Also, F1 has never been about a driver going flat out for the whole race. There has always been an element of conserving the car (whether for fuel, tyres, engine etc.) for the important times. The teams have always had to work together to ensure they got the best out of the car. The difference today is that we hear about it. We have access to team radio, to on screen stats, live timing streams, fuel data, and all manner of extra information which we didn’t in the past.

          If you really want F1 to be “racing, man, make that One man and machine against the other men and their machines”, it needs to become a spec series with no team involved at all. The driver gets a chassis, and tells a shared pool of mechanics what he wants changing in terms of set up. That would no longer be F1, in my mind.

          *In F1 terms: The car is still great, but relative to others it is not.

  17. I think, the ban of some radio transcript will not work. The teams will use codenames. It’s a good idea, but doesn’t work.

  18. I’d love, just for a one-off if there’s ever a dead rubber at the end of a season, car-to-car radio for the drivers, only to the driver direct in front and directly behind.

  19. “Checo I can’t say enough what a good job you’re doing. Just keep it up. I know I’m asking the impossible, but just control the rear tyre slip and as long as we’re in this DRS train we’re OK, OK?”…

    The impossible!, and he managed to defend other 16 laps with the force india, what a drive!

  20. Yes, this is gonna work. Just like banning team orders, which is something much more important to the sport, worked very well throughout the years.

  21. Were Bonnington and Hamilton threw a dummy on Nico’s side and just start to bluff about the strategy? If so than we could see a very interesting next races not just on track racing but also poker style radio communication. Maybe I’m just imagining and Lewis was simply following his guts instead of advices from Bonno.

    1. I was wondering about this, too. Was it a bluff? Was it just HAM following his gut? Was it a multi-21 type communication, and ROS turned things down expecting HAM to drop back?

      I expect it was just HAM doing what HAM does best: racing.

      1. @drmouse Who knows, right? I just know that we are witnessing a great season in F1 for a long time. We have a great fight for WDC not to mention the fights for lower positions and WCC as well. If we add poker games in the mix than we have an epic season.

  22. I’m seriously worried about Rosberg cranking under pressure – that ‘do not tell me the gap’ line from lap 13 is exactly the thing which points to all the wrong directions.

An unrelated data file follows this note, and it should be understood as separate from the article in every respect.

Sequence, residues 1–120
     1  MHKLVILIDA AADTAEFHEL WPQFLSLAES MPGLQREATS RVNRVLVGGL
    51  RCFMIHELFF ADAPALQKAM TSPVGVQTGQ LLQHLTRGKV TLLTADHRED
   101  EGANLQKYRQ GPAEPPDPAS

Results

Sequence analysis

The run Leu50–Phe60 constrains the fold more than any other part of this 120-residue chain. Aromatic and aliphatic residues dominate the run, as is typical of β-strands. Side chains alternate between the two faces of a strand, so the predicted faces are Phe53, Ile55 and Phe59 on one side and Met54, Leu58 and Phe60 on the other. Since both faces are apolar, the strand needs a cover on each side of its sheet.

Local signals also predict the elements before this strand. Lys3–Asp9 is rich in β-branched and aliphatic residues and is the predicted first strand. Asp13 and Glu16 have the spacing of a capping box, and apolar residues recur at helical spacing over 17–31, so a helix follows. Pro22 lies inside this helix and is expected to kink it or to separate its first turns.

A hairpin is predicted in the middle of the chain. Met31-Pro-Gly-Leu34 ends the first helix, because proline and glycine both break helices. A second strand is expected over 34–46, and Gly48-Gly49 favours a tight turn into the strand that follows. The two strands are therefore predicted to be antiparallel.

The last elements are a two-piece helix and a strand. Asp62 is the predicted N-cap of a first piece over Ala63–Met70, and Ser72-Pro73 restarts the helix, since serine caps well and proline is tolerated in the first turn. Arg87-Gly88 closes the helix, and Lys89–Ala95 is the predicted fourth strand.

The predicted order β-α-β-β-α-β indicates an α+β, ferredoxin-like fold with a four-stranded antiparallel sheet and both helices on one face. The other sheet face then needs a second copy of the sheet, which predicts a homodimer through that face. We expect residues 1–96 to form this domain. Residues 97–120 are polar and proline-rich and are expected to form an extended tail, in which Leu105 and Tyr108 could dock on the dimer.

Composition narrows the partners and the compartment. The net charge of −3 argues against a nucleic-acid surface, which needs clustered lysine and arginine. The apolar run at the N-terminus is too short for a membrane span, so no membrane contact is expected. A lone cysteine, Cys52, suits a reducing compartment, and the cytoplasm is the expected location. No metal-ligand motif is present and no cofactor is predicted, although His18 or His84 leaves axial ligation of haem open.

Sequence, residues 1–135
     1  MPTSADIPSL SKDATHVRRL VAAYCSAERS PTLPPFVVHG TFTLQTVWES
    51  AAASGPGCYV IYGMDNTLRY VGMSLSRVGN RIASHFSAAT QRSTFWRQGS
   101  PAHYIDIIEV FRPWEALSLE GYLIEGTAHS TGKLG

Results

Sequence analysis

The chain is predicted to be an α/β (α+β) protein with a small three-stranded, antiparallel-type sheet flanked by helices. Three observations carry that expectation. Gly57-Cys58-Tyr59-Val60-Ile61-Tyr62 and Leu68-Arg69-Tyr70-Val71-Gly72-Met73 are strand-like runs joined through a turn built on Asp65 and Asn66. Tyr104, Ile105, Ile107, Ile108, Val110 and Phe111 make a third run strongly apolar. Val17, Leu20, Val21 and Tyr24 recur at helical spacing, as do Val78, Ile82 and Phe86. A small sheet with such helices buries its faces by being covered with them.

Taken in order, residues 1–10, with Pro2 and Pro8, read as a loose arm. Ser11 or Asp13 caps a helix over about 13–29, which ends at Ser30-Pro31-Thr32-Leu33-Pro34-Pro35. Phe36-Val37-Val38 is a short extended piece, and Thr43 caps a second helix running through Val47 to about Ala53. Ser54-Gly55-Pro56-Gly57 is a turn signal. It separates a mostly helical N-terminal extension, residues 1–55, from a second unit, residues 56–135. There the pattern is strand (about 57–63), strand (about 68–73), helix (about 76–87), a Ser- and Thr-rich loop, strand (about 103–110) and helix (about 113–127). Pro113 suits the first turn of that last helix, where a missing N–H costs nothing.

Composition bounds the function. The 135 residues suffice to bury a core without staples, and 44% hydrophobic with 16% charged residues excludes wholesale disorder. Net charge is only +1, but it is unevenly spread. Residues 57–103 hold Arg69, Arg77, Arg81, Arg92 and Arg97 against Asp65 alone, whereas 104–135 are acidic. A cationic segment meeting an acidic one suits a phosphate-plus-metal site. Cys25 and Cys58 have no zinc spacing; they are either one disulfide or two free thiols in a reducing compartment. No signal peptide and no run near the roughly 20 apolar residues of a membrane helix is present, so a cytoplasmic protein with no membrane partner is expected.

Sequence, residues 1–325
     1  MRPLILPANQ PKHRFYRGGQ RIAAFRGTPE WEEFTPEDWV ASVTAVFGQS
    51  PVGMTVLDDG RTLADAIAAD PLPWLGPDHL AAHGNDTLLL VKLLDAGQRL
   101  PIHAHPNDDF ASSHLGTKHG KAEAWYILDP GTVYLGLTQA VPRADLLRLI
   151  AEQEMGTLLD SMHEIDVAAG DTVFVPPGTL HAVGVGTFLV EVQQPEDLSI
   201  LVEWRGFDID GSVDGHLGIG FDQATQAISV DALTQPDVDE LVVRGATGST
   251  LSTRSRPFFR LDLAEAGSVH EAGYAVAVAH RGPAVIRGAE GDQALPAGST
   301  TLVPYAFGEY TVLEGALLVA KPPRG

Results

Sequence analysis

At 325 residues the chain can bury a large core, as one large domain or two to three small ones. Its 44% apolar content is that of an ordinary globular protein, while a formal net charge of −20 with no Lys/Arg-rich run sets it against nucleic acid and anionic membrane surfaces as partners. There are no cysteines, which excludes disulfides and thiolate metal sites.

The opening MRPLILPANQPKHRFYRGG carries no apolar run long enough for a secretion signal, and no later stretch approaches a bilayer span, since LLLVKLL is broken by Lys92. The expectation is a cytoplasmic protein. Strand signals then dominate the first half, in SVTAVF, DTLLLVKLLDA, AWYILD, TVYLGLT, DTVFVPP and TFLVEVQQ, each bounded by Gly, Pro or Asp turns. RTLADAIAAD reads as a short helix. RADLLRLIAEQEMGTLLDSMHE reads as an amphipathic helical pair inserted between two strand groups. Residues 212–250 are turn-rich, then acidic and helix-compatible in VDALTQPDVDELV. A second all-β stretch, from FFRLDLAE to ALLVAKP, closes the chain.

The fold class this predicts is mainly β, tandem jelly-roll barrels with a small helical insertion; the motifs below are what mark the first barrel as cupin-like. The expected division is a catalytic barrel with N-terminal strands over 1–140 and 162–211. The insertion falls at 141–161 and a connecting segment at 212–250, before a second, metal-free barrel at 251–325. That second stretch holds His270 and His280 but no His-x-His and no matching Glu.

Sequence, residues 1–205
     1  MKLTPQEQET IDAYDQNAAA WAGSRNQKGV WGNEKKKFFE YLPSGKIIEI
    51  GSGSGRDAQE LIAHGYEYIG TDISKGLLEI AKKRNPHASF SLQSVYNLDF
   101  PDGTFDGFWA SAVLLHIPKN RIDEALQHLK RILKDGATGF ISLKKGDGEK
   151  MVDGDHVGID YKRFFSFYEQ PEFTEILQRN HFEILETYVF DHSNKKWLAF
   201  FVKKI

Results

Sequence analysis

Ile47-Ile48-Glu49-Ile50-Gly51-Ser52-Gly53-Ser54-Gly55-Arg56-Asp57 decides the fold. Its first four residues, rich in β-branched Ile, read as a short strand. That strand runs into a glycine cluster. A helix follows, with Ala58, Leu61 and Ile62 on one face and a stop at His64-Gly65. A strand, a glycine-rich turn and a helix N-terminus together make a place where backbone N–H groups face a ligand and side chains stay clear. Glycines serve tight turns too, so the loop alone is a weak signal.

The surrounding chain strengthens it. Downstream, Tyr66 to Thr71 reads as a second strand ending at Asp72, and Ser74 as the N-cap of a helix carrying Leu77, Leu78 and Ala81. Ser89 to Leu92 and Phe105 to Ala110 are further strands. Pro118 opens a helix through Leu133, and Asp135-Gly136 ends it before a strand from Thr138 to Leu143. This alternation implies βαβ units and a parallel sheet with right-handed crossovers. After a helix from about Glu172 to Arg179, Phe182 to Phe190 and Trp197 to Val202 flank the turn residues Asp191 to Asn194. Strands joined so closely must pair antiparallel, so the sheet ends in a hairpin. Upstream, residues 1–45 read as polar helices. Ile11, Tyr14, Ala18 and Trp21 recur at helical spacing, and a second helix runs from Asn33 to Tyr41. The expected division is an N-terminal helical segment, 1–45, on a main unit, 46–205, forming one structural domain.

I shows – probably – that Rosberg just didn’t want to know (if) he was slower, he must have felt it as extra pressure. He feared what would happen if he got to know. He feared whether he’ll be able to deliver knowing it. Quite simply: he feared.

    I experienced similar things in the past, I’m sure a lot of us did, mine was just on a larger scale, like choking and not knowing anything quite simply.

    In the case of the pinnacle of something, like F1, we are talking about probably just moments like this, little things only. Things which only worth 0.2s. But that 0.2s per lap is what’s going to cost Rosberg the championship if he is not able to face his demons.

    1. *points in

    2. *It shows

    3. It shows fear but it also shows a lack of trust in his engineer. The announcement of the falling gap sounds like an indictment to him. Remember, in Spa, the team told him in the last stint that he would catch Ricciardo and were prodding him to do so. He could not do it. I get the sense that he is sensitive about pace now, and that this is a third-rail with the engineer.

  23. Here’s some information which sheds light on how FOM’s choice of what radio messages to play during a race can affect our view of what happened. After Hamilton was given the advice to look after his tyres, which we heard on lap 27, on lap 28 he was told the following according to Mercedes:

    “Obviously Lewis if you think you’ve got an opportunity you take it.”

    That was just before Rosberg went off and lost the lead.

    Also there were a couple of extra radio messages in the FOM video highlights. These included Kvyat exclaiming “******* brakes” (censored by FOM) twice, and Smedley telling Massa “first podium of the season and first of many”.

    1. @keithcollantine I’m sure Kvyat’s language wasn’t the only thing that was a bit foul after his excursion at turn 1.
      Radio message to Lewis is just bizarre, it raises more questions as to Merc’s motives, like why would they need to encourage Lewis to make an overtake on his teammate? What other messages did they potentially tell Nico? However, we’ll never know…

      1. @dragoll
        What are you talking about?

        A driver’s race engineer naturally wants his driver to win. There’s nothing odd or weird whatsoever about “Obviously Lewis if you think you’ve got an opportunity you take it”. It’s an encouragement. Why would a RE not encourage his driver?

      2. I agree with Andrew, what are you talking about? This is his race engineer considering their strategy options. Hamilton apparently has catch-and-pass worthy pace, and it was always gonna be the driver’s call as to when to use it